Most fundraiser applications without a cover letter are just ignored.
The reason? Hiring managers of nonprofit organizations want to find out candidates who are experienced, skilled, and, most importantly, passionate about their projects. You can’t convince them with all of these in your resume.
This cover letter guide includes:
- Example fundraiser cover letters for different positions and experience levels.
- A guide to choosing the right cover letter layout and standards.
- Pro cover letter tips to create one that is better than 95% of the other applications.
Create your fundraiser cover letter in 10 minutes with a modern resume template. Use our resume builder to create both your fundraiser resume and cover letter giving them a branded look – making your application stand out from the rest.
Fundraising Manager Sample Cover Letter
28 Sep 2022
Dear Mr. Lawrence,
Working as a fundraiser at Edward & Coakley for 5 years, planning and implementing multiple fundraising activities across the USA, Canada, and the UK for healthcare, food, and environmental programs with a variety of donor bases, I am super excited for the opportunity to join Integral Resources for their next project as a fundraising manager.
My latest project was a fundraising activity for The World Food Program with a target of $20M in a year across the globe to help African people with water and dry food. With the strategies we developed to approach donors and the millions of impressions on social media, we achieved our target in 11 months.
I am fully confident that my skills in people management, communication, and persuasion would come in handy, together with my vast experience in the field, to achieve your organization’s target for the next year smoothly.
It will be my pleasure to discuss with you my role as the fundraising manager and demonstrate how my previous experience can easily be incorporated into your future projects for greater success.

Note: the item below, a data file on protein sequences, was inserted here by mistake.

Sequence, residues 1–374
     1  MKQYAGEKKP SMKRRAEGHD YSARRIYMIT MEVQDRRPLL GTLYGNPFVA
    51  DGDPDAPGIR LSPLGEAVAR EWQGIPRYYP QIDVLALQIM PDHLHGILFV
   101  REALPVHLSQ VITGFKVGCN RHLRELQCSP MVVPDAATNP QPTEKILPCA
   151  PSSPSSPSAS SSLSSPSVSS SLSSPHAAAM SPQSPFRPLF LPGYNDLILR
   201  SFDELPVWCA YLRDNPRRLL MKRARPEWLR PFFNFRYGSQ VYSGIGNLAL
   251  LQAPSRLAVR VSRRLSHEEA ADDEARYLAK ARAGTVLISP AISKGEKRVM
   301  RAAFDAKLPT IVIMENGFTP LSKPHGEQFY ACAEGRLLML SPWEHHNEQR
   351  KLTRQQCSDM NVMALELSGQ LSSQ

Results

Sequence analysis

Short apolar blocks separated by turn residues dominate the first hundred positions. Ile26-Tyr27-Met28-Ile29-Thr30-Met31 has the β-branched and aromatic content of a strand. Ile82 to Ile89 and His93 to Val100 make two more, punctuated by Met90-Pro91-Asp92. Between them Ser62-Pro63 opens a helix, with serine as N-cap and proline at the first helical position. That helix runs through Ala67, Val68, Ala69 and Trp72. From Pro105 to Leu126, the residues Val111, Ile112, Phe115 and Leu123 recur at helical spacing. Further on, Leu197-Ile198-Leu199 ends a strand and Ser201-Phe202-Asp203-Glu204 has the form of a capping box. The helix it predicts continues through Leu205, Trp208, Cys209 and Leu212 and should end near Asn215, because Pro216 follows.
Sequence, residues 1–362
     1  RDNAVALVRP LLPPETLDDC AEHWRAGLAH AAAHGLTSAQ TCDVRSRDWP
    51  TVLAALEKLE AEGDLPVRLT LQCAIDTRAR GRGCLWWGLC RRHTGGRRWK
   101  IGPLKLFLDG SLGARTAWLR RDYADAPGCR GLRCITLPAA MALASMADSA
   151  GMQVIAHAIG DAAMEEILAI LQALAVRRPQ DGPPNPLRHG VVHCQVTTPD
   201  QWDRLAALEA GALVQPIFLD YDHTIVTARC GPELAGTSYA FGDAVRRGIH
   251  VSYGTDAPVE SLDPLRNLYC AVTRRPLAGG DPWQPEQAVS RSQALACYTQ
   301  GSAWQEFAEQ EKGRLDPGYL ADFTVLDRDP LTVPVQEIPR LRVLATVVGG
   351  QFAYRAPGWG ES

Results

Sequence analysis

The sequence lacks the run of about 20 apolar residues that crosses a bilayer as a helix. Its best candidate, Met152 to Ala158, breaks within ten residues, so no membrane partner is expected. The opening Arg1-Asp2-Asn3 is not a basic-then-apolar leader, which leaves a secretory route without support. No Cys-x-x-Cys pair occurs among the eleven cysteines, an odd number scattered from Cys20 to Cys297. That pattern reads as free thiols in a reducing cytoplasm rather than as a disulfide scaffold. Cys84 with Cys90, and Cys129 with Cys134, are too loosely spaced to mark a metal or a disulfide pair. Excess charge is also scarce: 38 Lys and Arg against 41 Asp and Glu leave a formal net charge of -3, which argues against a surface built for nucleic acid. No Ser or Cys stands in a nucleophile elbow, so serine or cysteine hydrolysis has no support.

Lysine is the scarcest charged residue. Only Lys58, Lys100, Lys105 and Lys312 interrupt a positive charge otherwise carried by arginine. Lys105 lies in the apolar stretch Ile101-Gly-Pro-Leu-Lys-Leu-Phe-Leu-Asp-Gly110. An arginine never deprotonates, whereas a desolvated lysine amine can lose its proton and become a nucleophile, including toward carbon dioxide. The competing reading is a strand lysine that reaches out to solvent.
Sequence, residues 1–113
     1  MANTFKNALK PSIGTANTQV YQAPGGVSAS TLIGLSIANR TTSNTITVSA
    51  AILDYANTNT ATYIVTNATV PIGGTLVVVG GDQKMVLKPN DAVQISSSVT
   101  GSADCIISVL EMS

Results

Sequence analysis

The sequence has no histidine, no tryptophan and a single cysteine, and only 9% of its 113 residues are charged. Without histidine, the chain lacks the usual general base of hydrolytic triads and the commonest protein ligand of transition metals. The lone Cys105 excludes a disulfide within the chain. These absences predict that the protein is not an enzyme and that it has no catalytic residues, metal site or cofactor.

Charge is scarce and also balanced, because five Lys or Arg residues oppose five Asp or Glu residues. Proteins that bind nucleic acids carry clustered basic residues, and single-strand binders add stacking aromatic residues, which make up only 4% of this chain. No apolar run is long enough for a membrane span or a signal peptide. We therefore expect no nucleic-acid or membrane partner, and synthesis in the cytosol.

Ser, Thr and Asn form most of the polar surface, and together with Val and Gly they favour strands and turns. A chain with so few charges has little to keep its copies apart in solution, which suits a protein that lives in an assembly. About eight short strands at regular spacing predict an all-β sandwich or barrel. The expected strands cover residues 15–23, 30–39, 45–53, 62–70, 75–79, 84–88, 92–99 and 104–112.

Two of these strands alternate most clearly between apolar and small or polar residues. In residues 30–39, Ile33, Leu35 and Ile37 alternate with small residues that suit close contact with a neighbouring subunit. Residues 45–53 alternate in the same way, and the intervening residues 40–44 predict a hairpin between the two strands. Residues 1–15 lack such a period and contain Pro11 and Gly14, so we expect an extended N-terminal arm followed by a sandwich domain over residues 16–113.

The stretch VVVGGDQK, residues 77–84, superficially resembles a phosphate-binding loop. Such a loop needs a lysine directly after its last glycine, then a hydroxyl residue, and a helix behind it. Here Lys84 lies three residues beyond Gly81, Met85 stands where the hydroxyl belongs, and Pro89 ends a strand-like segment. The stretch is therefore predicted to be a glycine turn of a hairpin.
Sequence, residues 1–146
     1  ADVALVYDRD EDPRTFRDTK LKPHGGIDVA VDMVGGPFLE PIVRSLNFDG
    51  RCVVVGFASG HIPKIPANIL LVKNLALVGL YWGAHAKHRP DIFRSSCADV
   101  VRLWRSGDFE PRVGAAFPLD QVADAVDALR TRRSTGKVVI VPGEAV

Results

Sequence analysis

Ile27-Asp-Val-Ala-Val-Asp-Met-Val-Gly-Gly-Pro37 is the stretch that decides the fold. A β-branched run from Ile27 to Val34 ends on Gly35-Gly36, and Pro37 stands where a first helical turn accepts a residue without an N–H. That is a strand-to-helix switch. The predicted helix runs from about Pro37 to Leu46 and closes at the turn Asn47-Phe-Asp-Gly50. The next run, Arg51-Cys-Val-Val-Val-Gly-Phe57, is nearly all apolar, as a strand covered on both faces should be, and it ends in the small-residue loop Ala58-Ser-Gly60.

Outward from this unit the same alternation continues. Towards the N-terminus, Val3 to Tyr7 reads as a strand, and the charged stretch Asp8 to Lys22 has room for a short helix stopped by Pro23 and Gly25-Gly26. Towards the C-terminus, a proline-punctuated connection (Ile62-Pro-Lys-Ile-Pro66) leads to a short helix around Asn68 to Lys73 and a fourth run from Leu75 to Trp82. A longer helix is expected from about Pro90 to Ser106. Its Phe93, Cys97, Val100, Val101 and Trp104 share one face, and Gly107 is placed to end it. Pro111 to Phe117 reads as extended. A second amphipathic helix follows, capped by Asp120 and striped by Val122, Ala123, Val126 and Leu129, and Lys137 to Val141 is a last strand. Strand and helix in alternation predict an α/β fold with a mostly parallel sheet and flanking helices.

Fundraising Coordinator Cover Letter Example
28 Sep 2022
Having worked in Multi Events for 3 years planning and coordinating various events and functions across the USA, also dealing with clients and other stakeholders with clear communication and attention to detail, I am excited to take up a fundraising coordinator position at CK Consultants to take their fundraising events to the next level.
In my previous job at Multi Events, I managed a portfolio of annually recurring events of value over $3M, from planning to execution to demolition. The last project was for a nonprofit organization’s event in New Jersey with an audience of over 1000.
I am confident that my skills in event management, client communication, and budgeting would help your organization achieve tremendous cost savings in fundraising events making them more attractive to donors.
It will be my pleasure to discuss with you my role as a fundraising coordinator in your organization, and look forward to demonstrating to you how my skill set would be transferable for the success of the new role.
How to Write a Fundraiser Cover Letter
A cover letter is a sales pitch to the hiring manager. This explains your key fundraising skills and achievements and why you would be a great fit for the position.
After reading hundreds of boring cover letters and good ones, we know exactly what grabs the hiring managers’ eyes in a couple of seconds – and the formula of such a letter.
An excellent cover letter is one that is written based on the current HR practices – also keeping the reader in mind.
Here’s a time-tested cover letter structure for fundraiser jobs:
- Opening greeting
- First Paragraph: Introduction
- Second Paragraph: Your achievements
- Third Paragraph: Benefits of hiring you